The open wallets aren’t surprising, but they are notable given Cruz’s past clashes with colleagues.

Cruz infuriated GOP leaders in the fall of 2013 by rallying House conservatives to oppose any government funding bill that didn’t block the implementation of ObamaCare — a political fight that resulted in a 16-day government shutdown that hurt the GOP’s brand right before a midterm election year.

Sen. John McCainJohn Sidney McCainCNN's Ana Navarro to host Biden roundtable on making 'Trump a one-term president' Mark Kelly clinches Democratic Senate nod in Arizona Prominent conservatives question Jerry Falwell Jr. vacation photo MORE (R-Ariz.) at the time called the shutdown a “fool’s errand,” while Sen. Bob CorkerRobert (Bob) Phillips CorkerCheney clashes with Trump Sessions-Tuberville Senate runoff heats up in Alabama GOP lawmakers stick to Trump amid new criticism MORE (R-Tenn.) repeatedly criticized Cruz for leading the party into a “box canyon” from which there would be no easy escape.

McConnell later likened the painful ordeal to the “kick of a mule.”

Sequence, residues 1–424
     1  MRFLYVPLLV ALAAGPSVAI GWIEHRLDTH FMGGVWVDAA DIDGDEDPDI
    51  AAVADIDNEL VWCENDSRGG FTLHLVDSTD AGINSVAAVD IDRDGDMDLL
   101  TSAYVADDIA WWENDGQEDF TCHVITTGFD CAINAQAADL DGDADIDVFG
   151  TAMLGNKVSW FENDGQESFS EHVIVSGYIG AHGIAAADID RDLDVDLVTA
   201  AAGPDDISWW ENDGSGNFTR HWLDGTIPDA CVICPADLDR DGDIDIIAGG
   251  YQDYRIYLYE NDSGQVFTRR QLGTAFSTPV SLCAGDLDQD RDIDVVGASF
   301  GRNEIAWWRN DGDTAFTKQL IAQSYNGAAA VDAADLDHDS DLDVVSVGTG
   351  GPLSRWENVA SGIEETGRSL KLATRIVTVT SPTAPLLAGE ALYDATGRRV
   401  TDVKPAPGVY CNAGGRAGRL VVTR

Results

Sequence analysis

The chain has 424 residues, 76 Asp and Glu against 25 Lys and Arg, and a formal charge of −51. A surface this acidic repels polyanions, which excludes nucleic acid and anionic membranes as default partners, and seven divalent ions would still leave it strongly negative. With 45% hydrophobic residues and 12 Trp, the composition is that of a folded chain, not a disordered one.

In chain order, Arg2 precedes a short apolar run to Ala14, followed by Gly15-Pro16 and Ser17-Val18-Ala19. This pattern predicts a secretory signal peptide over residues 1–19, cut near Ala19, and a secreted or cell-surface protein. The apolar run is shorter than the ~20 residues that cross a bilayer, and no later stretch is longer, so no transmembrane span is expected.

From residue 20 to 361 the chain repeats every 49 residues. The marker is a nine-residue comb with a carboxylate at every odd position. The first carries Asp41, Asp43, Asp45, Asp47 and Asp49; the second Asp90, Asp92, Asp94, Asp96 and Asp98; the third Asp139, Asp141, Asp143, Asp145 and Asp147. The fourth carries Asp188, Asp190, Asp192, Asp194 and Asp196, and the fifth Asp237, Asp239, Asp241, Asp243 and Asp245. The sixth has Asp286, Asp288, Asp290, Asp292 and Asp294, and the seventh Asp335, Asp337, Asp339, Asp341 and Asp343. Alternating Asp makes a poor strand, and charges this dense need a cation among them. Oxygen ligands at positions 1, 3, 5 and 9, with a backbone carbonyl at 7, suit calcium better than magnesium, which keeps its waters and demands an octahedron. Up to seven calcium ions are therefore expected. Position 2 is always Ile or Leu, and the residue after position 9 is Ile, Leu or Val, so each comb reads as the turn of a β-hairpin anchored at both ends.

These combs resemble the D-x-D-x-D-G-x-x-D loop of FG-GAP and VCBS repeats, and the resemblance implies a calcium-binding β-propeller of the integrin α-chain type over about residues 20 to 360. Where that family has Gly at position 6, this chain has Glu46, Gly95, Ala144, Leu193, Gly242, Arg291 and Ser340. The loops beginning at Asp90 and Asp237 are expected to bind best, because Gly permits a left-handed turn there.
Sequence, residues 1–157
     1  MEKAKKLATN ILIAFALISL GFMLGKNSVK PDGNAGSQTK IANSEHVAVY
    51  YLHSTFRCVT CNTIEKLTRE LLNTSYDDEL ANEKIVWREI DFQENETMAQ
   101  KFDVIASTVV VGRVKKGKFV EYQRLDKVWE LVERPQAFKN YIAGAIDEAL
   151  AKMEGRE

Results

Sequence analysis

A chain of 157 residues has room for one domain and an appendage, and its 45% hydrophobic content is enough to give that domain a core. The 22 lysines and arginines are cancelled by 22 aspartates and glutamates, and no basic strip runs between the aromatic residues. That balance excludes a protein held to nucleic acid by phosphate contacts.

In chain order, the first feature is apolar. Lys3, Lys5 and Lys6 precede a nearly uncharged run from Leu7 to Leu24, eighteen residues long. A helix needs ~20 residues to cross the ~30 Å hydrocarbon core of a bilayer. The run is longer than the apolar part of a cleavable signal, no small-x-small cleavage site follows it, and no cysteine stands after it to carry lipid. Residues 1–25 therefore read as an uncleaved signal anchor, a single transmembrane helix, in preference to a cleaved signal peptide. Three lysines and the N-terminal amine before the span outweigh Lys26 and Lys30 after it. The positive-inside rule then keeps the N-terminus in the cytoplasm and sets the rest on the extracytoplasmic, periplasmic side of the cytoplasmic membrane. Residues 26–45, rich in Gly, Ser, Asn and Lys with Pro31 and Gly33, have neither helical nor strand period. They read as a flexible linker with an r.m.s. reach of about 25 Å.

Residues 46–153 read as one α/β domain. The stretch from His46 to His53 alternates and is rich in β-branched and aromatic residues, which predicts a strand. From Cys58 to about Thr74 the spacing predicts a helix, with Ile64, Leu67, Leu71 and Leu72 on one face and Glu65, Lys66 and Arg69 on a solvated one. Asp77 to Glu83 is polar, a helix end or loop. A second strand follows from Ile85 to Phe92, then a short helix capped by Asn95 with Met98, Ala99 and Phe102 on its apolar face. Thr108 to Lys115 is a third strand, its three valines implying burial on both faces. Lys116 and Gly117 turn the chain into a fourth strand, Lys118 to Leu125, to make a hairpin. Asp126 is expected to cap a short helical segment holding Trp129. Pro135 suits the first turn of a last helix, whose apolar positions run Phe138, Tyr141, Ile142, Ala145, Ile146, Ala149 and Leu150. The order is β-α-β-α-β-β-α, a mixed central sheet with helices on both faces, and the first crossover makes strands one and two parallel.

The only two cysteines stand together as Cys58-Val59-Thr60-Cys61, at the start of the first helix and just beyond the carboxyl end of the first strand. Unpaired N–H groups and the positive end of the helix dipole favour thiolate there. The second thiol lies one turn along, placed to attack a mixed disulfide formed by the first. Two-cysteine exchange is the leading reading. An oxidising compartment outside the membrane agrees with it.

The animosity went both ways.

Cruz once accused McConnell on the Senate of lying about a secret deal with Democrats to reauthorize the Export-Import Bank.

“We know now that when the majority leader looks us in the eyes and makes an explicit commitment, that he is willing to say things that he knows are false,” Cruz fumed.

Cruz even refused to endorse Cornyn, his home-state colleague, in the 2014 Texas Senate GOP primary. Cornyn returned the gesture this year when he declined to publicly back Cruz in his primary race in March.

Things grew so acrimonious between Cruz and many of his Senate GOP colleagues that Sen. Lindsey GrahamLindsey Olin GrahamYates spars with GOP at testy hearing Trump knocks Sally Yates ahead of congressional testimony Republicans uncomfortably playing defense MORE (R-S.C.) joked at the 2016 Washington Press Club Foundation Congressional Dinner, “If you killed Ted Cruz on the floor of the Senate, and the trial was in the Senate, nobody would convict you.”